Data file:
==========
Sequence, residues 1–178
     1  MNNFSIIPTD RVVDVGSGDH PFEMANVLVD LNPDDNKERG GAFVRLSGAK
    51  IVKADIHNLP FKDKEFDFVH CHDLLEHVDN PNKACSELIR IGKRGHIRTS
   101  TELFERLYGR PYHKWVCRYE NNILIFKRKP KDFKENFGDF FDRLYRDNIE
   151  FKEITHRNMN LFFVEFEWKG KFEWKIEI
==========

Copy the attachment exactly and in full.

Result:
Sequence, residues 1–178
     1  MNNFSIIPTD RVVDVGSGDH PFEMANVLVD LNPDDNKERG GAFVRLSGAK
    51  IVKADIHNLP FKDKEFDFVH CHDLLEHVDN PNKACSELIR IGKRGHIRTS
   101  TELFERLYGR PYHKWVCRYE NNILIFKRKP KDFKENFGDF FDRLYRDNIE
   151  FKEITHRNMN LFFVEFEWKG KFEWKIEI